Bergen Beach

Aerial spraying for West Nile virus Thursday night

You may be asking: What’s in that mist, and is it safe to breathe?

September 5, 2019 Mary Frost
The NYC Health Department will be spraying for mosquitoes carrying West Nile virus in Brooklyn and Queens Thursday night. But what is in that spray, and is it safe to breathe? AP file photo by Rick Bowmer

City Department of Health trucks will be out again Thursday night spraying pesticide mist in parts of Brooklyn and Queens to kill mosquitoes carrying West Nile virus. Spraying will take place between the hours of 8:30 p.m. Thursday night and 6 a.m. Friday morning, weather permitting.

This is the sixth time this summer the city has sent out the pesticide trucks.

Brooklyn neighborhoods being sprayed include Bergen Beach, Canarsie, Flatlands, Georgetown, Gerritsen Beach, Marine Park, Mill Basin, Mill Island, Paerdegat Basin, Sheepshead Bay, Spring Creek and Starrett City (ZIP codes: 11207, 11229, 11234, 11235, 11236 and 11239).

With that in mind, you may be asking: What’s in that mist, and is it safe to breathe?

DOH says they will be spraying “very low concentrations” of Anvil 10+10 or DeltaGard insecticide. The risks of these pesticides, when used for mosquito control, “are low to people and pets,” the agency says. However, some people “may experience short-term eye or throat irritation, or a rash. People with respiratory conditions may also be affected,” DOH says.

The active ingredients in both brands of pesticide are chemicals known as pyrethroids.

EPA says pyrethroids can be used for mosquito control “without posing unreasonable risks to human health” when applied according to the label. The low doses sprayed in NYC neighborhoods likely have few negative consequences, especially if people avoid ingesting it by washing off garden vegetables and fruit that might have been sprayed.

The risk from infected mosquitoes is probably worse than breathing in a small amount of the pesticides, at least for humans and other mammals. However, “At high exposure levels, such as those resulting from accidents or spills, [the chemicals] can affect the nervous system,” EPA says.

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And the chemicals are highly toxic to fish and to bees. Bees are already in danger across the country, and EPA worries about harm to fish from runoff into bodies of water. EPA is currently reexamining the pesticides as part of its normal review process.

A study published by the National Institute of Health also found that low exposures to the pesticide are reasonably harmless to adults. In addition, one low exposure doesn’t seem to have much of an affect on unborn children. A study examining 196 women in the second and third trimesters of pregnancy exposed one time with a 4 percent dose of the chemical on their skin found no adverse effects.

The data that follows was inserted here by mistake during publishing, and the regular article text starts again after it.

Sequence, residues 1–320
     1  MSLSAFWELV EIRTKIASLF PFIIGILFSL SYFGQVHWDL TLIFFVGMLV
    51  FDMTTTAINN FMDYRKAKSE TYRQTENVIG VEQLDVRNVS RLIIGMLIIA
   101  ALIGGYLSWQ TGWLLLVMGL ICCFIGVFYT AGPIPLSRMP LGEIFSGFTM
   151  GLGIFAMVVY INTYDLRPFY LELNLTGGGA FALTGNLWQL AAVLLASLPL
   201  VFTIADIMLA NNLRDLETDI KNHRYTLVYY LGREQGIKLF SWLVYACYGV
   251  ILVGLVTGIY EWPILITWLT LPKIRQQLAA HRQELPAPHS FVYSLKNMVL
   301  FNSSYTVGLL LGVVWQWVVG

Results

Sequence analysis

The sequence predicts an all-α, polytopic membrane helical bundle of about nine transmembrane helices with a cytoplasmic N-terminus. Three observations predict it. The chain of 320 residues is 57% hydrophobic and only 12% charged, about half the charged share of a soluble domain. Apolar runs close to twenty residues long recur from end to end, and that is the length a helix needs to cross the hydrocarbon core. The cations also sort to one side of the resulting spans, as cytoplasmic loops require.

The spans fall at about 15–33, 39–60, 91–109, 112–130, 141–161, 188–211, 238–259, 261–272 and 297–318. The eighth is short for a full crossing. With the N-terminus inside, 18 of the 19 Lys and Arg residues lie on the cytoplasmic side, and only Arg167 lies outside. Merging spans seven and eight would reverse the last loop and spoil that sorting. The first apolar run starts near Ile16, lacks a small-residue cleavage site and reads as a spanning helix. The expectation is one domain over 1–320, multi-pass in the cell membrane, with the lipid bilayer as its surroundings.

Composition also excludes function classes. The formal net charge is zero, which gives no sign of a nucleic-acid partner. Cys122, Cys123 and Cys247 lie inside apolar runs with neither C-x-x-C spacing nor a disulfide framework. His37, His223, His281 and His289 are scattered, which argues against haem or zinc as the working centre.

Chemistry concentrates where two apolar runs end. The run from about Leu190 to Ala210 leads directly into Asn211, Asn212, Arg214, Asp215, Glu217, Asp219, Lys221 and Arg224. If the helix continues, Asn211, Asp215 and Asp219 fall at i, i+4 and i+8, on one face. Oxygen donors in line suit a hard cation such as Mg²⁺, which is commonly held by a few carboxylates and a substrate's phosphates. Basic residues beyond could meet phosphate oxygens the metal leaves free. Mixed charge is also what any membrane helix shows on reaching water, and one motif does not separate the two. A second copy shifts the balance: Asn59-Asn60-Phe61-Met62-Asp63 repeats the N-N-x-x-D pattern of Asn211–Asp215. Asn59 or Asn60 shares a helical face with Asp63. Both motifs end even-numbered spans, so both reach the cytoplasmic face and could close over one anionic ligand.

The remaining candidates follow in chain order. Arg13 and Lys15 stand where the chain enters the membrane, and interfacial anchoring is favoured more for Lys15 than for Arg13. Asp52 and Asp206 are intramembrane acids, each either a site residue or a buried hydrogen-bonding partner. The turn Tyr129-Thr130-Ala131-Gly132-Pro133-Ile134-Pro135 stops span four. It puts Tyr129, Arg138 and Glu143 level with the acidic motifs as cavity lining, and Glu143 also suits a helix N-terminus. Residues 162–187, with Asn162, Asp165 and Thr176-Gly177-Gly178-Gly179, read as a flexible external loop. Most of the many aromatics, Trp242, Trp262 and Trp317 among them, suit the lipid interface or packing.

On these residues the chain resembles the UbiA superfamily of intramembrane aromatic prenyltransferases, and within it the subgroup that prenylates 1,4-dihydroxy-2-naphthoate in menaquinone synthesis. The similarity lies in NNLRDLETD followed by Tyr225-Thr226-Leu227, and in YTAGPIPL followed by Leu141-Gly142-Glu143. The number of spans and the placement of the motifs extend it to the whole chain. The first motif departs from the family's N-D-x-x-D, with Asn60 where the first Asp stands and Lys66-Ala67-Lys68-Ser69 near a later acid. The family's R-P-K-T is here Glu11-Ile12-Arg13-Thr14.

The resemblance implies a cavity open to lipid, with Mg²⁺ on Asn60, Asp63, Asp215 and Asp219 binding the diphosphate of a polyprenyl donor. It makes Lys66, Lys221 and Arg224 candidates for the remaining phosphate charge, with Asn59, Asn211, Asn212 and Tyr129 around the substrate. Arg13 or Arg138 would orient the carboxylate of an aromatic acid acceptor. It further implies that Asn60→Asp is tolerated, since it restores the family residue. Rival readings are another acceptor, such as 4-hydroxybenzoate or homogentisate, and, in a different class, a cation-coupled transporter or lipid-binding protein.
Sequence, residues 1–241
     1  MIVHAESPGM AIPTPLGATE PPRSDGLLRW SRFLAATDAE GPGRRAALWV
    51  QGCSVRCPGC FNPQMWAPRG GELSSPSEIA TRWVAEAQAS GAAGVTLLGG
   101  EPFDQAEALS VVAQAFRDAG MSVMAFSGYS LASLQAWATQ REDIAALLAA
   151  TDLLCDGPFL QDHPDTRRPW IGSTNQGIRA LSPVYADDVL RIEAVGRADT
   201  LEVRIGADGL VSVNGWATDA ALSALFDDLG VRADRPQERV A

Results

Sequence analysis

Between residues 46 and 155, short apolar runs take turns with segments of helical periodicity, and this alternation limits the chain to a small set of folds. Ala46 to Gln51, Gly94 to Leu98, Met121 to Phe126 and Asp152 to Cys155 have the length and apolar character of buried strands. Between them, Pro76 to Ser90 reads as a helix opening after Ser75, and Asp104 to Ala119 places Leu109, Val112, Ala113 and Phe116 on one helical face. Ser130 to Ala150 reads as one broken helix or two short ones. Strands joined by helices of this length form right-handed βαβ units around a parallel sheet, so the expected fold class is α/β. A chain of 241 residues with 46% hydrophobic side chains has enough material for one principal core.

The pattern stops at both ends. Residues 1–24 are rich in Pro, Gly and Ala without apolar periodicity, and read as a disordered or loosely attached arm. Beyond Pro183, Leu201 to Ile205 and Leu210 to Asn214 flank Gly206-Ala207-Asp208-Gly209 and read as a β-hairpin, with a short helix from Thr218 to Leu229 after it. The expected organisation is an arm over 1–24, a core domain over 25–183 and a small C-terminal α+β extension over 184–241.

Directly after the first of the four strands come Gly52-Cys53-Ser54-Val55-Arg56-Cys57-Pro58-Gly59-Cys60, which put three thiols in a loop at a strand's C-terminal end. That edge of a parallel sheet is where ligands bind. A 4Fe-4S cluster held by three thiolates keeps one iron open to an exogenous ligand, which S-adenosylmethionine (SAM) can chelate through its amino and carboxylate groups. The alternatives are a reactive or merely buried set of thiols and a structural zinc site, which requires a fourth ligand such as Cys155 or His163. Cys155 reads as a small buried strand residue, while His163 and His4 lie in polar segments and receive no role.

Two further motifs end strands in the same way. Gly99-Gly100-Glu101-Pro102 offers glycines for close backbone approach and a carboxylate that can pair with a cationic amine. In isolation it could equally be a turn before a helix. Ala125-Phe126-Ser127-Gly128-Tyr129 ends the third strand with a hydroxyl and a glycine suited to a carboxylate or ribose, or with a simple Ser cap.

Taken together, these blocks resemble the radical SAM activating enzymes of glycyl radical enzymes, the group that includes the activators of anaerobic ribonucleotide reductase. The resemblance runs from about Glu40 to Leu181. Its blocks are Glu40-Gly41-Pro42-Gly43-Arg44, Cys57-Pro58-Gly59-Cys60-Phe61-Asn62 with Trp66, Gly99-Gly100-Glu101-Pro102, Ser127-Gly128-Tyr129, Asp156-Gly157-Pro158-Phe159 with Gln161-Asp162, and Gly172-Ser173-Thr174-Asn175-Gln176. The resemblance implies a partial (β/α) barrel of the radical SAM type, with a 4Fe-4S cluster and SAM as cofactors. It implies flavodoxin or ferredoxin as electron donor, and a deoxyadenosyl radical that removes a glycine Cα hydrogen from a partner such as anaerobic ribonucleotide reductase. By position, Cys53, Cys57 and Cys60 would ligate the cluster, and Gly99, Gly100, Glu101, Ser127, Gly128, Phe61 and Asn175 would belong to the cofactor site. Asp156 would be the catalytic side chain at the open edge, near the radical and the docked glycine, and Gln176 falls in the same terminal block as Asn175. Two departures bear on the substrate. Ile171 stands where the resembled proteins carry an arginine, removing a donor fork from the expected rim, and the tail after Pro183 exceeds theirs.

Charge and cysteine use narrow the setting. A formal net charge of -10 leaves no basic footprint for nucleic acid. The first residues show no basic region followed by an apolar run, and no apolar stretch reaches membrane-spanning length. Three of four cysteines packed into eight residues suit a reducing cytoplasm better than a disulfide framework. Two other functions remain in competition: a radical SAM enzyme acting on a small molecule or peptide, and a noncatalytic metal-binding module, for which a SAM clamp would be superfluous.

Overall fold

However, eating the chemicals could have detrimental effects on children, the study found. The use of these pesticides in households is “often associated with allergies and asthma, especially in children,” and ingesting the chemicals through breast milk or food could lead to cancer, learning disabilities and other ailments.

To stay safe, DOH advises that people stay indoors during spraying, whenever possible, and for about 30 minutes afterward. Air conditioners can remain on. While “unnecessary,” you may wish to close air conditioner vents, or choose the recirculate function, DOH says. Children and pregnant women should take care to avoid exposure to the spray if possible.

Detected in 22 pools in Brooklyn

Mosquitoes infected with West Nile virus have been detected in 22 pools of water tested in Brooklyn by the NYC Depart of Health so far this summer. This is the sixth “adulticide” (which targets adult mosquitoes rather than larvae) the city has carried out this summer

The situation is worse in Queens, where the mosquitoes have been found at 130 sites tested, and Staten Island, with 93 sites testing positive. Testing found infected mosquitoes at 18 sites in the Bronx and three in Manhattan so far.

Is West Nile serious?

While most people infected with West Nile suffer no long-term damage, about 20 percent do come down with West Nile Fever (associated with moderate illness) or more severe West Nile Neuroinvasive Disease, with effects ranging from headaches and convulsions to encephalitis, meningitis or death.

In 2018, six Brooklyn residents came down with West Nile Neuroinvasive Disease, and one caught West Nile Fever. (One Brooklynite also was infected via a blood donor.) Horses are also vulnerable to West Nile, but no horses caught the disease last year in Brooklyn.

To reduce mosquitoes, eliminate any standing water, and take precautions when spending time outdoors. Use an approved insect repellent containing DEET, picaridin, oil of lemon eucalyptus (not for children under 3), or products that contain the active ingredient IR3535.

Report standing water by calling 311 or visiting nyc.gov/health/wnv.

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